Written by Alice Zsembery


Do you ever feel like you are drowning in toys? That it doesn’t matter how much you sort and store them, they suddenly reappear only to be strewn across the house and disregarded after less than a minute’s use??

You aren’t alone. In fact, some statistics estimate that Australian’s and British spend the most per child on toys, at a staggering $500 USD per year!

Sounds crazy, huh?

When we grew up in the 80’s, there just seemed to be less. Less toys, less advertising, less cheap plastic rubbish that broke after a minute’s use and less pressure on parents to ‘keep up with the Jones’.

And then somewhere along the way, globalisation happened. Suddenly, toys were more accessible and cheaper and, (helped along by the leaps technology) pushed in front of our face much more readily.

As parents, we don’t want our children to be disadvantaged and we don’t want them to feel left out, so we buy more… and before you know it, we are suddenly drowning in toys that your children ‘had’ to have, right before the next ‘had to have’ came around.

Stop. Right. There.

Researchers have shown time and time again that less toys IS actually more. For example, in a recent study at the University of Toledo, they examined the influence of the number of toys available on toddlers’ play. In particular, they were testing the hypothesis that an environment with fewer toys lead to higher quality of play for toddlers.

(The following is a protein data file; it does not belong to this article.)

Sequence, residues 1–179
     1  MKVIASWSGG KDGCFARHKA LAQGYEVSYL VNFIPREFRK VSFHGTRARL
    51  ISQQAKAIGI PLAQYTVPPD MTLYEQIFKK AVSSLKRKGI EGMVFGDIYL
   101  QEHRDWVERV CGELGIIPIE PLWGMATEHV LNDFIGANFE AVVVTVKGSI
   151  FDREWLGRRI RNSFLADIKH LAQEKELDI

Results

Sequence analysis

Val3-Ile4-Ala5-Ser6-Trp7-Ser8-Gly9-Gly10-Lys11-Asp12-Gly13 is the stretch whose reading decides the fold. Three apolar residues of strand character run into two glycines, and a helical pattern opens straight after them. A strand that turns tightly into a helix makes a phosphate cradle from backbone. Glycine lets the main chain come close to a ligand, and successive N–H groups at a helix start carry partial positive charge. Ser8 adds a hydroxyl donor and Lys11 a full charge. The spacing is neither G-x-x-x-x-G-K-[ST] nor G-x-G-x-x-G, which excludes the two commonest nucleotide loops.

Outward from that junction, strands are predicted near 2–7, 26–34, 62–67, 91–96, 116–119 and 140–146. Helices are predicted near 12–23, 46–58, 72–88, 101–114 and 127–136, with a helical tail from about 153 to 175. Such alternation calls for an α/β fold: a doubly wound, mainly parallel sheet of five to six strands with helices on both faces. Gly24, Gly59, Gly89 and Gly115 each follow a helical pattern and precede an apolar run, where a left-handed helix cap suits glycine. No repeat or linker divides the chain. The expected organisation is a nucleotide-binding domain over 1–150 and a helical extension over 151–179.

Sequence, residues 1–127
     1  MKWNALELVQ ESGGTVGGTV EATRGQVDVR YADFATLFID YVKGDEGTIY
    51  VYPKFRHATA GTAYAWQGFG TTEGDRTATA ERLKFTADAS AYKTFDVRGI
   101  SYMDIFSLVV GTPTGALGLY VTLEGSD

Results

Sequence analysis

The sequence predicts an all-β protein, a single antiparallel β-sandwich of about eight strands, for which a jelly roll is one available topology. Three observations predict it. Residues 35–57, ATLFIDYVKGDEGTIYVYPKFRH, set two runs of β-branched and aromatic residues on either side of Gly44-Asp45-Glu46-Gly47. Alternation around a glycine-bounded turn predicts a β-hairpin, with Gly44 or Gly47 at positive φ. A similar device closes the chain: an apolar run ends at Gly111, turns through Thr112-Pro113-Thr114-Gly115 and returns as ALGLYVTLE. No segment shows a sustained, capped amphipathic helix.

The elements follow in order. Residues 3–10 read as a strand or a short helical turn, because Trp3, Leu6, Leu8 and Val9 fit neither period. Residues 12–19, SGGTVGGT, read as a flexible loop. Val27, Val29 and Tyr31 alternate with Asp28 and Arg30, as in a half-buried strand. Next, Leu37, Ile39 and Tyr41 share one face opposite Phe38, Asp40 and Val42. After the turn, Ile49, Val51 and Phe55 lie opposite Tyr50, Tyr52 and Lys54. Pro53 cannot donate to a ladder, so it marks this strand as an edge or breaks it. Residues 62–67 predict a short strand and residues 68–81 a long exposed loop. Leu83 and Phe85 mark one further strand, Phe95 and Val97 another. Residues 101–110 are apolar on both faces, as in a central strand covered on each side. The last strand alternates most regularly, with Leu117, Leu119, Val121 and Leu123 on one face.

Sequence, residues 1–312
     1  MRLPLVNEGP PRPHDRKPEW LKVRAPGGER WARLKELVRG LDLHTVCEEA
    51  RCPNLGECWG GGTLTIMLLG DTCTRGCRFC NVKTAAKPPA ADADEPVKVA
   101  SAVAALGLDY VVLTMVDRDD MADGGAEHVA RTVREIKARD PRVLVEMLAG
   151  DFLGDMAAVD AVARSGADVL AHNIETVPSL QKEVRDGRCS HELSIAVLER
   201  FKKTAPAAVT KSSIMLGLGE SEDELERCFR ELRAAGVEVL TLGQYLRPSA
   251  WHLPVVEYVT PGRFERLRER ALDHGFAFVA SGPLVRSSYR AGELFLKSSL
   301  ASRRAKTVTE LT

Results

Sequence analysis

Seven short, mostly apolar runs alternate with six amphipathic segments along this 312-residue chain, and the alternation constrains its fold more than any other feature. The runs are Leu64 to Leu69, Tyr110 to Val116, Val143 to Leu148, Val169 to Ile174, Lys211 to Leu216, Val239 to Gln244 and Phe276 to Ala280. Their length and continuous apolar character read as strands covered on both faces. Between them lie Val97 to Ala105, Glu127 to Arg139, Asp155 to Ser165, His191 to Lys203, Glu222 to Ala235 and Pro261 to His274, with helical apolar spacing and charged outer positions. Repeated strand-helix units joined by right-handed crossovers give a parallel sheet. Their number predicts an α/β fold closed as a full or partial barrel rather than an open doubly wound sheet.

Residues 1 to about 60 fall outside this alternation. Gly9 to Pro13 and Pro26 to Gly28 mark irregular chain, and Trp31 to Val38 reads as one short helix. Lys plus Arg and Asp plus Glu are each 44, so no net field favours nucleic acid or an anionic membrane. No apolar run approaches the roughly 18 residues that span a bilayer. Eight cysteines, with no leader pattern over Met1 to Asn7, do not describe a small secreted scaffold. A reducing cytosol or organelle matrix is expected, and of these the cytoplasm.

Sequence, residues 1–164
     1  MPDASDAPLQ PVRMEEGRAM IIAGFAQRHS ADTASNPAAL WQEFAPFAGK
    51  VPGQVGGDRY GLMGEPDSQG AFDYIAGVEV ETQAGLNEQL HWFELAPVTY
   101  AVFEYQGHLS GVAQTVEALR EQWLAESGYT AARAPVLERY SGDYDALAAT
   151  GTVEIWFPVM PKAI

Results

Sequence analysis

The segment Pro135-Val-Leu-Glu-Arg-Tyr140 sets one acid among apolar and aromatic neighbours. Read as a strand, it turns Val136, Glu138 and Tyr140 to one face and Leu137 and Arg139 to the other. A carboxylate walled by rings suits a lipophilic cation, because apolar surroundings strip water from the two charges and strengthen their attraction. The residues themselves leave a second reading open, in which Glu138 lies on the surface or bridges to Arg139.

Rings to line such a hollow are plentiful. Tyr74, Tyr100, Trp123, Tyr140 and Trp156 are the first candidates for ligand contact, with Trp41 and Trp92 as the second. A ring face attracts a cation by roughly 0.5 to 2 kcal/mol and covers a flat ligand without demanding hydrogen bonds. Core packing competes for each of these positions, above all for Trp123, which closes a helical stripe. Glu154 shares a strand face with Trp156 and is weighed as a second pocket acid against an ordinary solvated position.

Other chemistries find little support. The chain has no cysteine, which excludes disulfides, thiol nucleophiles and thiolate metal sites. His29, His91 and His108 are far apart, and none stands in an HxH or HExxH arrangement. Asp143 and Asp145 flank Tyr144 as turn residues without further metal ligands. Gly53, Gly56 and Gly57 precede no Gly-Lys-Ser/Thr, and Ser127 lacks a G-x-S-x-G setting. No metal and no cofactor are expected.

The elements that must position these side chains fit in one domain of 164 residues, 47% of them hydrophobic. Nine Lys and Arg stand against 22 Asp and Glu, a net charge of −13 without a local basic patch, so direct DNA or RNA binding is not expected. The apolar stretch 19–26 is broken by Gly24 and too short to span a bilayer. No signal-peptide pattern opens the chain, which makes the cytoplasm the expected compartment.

In the study 36 pre-schoolers were observed in two different individual free play conditions; one with 16 toys, and the other with 4 toys. The study found that when children were faced with fewer toys, this led to a higher quality of play for the toddlers. Specifically, the children:

  1. Engaged in longer periods of play with a single toy;
  2. Had better focus to explore; and
  3. Played more creatively. That is, they played with the remaining toys in a greater variety of ways and not so prescriptively.

This isn’t a unique finding. A similar study undertaken at a kindergarten in Germany in the 90’s took the toys away completely. After navigating through an initial moment of ‘boredom’, the children exercised their imaginations and began to create play out of items that they would never have previously considered.

Let’s face it. It’s nothing new. It’s the way we have been playing for centuries. It’s the way our parents and grandparents played.

So, let’s ditch the parenting guilt and stop placing the additional financial pressure on ourselves. There is a place for carefully selected, good quality toys but there are also so many quick and easy activities that kids can do at home using household items. Not only will it help them to think creatively and imaginatively but it will also help reinforce a sense of gratitude for the toys that they do get.

Honestly, you are doing them a favour.


You may also like to read:

Active VS Passive Participation in Play

How to clean and organise toy rooms

Top 10 Toddler Myths